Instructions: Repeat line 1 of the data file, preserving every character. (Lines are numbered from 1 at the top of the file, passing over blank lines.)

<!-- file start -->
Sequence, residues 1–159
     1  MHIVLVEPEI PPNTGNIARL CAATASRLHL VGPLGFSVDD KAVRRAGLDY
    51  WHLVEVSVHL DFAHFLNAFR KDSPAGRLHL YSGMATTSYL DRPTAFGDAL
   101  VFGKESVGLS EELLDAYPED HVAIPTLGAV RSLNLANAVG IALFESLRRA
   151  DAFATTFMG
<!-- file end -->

Sequence, residues 1–159